DOCUMENTS relating to the Florentine family of della Robbia enable us to state that Luca the sculptor was born in 1400, in the house of his fore-fathers in Via S. Egidio. In 1446, with his brother Marco and his nephew Andrea, he removed to a house in Via Guelfa, in which he resided until his death. This street was anciently called Via della Robbia. As in the case of a great many artists of the Renaissance, we have few documents concerning :Luca della Robbia. He is. sometimes mentioned in the account books of the wardens of S. Maria del Fiore, and we find an entry in his name on the registers of the Catasto Chiave (Appendix I.). It is probable that one of the principal causes of this absence of documents referring to the artists of the Renaissance is owing to the constant plundering and burning of houses, churches, and sacristies in the fifteenth century. Also in the time of the plague furniture and papers, where the contagion had penetrated, were given to the flames, and many family records have consequently been lost to us. Thus, with the exception of a few statements which have been proved inaccurate by authentic records, we must rely on his biographer, Giorgio Vasari, for most of the facts of Luca della Robbia’s life.
What appears certain is that “Luca was carefully reared and educated until he could not only read and write, but also, according to the custom of most Florentines, had learnt to cast accounts, so far as he was likely to require them. Afterwards he was placed by his father to learn the art of the goldsmith.” Most of the artists of the fourteenth and fifteenth centuries began with this craft, which was considered by them to be among the highest, and it is owing, no doubt, to this training that they became such excellent sculptors. It was this that gave them their extraordinary facility in composing and modelling both quickly and skilfully, as well as a mastery over detail and a capacity for finish which they considered to be unattainable by other means.
Vasari informs us that ” Luca having learnt to draw and model in wax, his confidence increased, and he set himself to attempt works in marble and bronze. In these he succeeded tolerably well, and this caused him to abandon altogether the goldsmith’s trade, and give himself entirely to sculpture, insomuch that he did nothing but work with his chisel all day, and by night he practised himself in drawing. This he did with so much zeal, that when his feet were frozen with cold he kept them in a basket of shavings to warm them, so that he might not be compelled to discontinue his drawings.”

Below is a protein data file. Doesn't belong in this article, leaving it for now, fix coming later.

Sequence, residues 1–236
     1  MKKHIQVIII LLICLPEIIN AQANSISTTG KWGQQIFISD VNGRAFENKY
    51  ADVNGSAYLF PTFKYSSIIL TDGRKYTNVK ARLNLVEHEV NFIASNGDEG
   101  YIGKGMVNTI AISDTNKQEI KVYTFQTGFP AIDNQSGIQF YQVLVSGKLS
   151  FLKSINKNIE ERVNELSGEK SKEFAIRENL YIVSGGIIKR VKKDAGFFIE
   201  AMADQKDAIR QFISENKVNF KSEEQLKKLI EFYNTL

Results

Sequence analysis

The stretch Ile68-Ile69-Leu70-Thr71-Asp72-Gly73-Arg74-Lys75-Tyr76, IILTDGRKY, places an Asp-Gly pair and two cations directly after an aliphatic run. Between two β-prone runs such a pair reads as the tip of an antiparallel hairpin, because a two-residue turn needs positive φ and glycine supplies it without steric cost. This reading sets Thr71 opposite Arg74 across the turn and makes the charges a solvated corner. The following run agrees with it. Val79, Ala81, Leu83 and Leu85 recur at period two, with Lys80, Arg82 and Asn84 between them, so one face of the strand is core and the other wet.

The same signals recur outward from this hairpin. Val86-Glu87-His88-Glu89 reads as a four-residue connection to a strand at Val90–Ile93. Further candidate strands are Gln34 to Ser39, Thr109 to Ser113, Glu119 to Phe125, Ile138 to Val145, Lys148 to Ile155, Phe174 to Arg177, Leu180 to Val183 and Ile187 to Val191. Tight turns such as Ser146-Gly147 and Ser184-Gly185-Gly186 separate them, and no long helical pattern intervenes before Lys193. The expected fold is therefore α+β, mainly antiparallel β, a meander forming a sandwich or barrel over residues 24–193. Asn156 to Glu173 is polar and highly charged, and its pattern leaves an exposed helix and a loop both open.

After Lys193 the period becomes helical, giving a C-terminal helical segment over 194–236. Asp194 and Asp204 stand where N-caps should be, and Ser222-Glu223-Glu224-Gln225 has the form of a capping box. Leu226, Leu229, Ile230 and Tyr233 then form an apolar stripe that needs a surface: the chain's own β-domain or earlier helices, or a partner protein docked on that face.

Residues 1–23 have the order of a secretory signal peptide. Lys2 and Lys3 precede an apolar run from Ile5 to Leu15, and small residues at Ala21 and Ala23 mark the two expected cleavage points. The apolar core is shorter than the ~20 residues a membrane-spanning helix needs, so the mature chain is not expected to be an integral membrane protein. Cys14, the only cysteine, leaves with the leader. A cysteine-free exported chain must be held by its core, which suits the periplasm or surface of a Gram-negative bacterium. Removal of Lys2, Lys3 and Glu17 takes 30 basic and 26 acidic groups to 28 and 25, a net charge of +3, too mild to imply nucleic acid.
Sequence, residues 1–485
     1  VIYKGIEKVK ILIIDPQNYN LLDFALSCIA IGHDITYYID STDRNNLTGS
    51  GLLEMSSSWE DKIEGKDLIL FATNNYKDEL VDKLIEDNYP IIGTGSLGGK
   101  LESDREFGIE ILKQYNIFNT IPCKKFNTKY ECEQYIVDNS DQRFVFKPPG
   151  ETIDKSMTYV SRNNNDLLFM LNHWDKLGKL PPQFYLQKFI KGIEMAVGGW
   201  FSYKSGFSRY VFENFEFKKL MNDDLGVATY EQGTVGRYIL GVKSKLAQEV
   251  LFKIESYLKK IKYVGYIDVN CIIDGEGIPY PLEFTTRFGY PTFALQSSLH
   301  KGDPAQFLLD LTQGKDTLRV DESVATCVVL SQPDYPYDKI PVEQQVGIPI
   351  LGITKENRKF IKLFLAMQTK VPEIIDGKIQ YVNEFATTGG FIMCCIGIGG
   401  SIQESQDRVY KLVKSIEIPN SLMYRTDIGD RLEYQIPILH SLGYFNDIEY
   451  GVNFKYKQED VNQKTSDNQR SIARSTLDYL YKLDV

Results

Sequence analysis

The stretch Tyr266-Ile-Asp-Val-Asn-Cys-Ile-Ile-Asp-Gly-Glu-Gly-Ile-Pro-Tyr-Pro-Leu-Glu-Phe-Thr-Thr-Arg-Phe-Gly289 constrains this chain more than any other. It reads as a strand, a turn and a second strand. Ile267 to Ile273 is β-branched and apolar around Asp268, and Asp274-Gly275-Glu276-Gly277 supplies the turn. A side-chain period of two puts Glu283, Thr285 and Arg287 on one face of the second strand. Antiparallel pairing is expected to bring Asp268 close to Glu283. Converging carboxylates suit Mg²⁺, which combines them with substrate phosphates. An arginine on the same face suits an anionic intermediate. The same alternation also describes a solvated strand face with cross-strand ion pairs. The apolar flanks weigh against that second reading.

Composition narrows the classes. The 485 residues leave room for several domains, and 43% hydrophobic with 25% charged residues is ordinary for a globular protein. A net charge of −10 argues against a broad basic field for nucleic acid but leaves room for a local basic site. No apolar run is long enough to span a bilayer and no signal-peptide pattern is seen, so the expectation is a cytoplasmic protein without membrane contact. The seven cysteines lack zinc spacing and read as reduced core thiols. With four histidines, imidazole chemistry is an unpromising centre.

It is surprising that before the age of thirty no authenticated work made by Luca della Robbia has been assigned to him with documentary evidence, although he must surely have given proofs of his talent long before that time. It has been suggested that by searching among the nooks and corners of the Cathedral of Florence, hidden treasures, wrought by his hand, may still be brought to light. A work of his youth would be to us a valuable guide, enabling us to ascertain under which master’s influence he had been trained.
We can judge for ourselves that in technical skill he often equals Ghiberti, whom several authorities in art declare to have been his master. On the other hand, in many of Luca della Robbia’s first works we find an unconscious tendency to imitate Donatello, of whom he possessed the vigour and originality. Later on in his artistic career we find in him an independent and personal type.
Luca dedicated himself most particularly to the exquisite details of the human features, giving them such varied expressions of love, joy, and sorrow, that few artists of his time surpassed him. He must have had a special predilection for children, and studied them with tender attention, to have succeeded as he did in making of his infants such “lovely living creatures.” Nearly all his works bear the stamp of a profoundly pious feeling, and we might say that his inner spirituality is impressed on them. Although he was very religious, he was never exaggerated in the artistic manifestations of his devotion. No doubt, on account of his known piety, most of his commissions were for churches and religious congregations, and thus nearly all his subjects, except the decorations for a few palaces, are purely religious.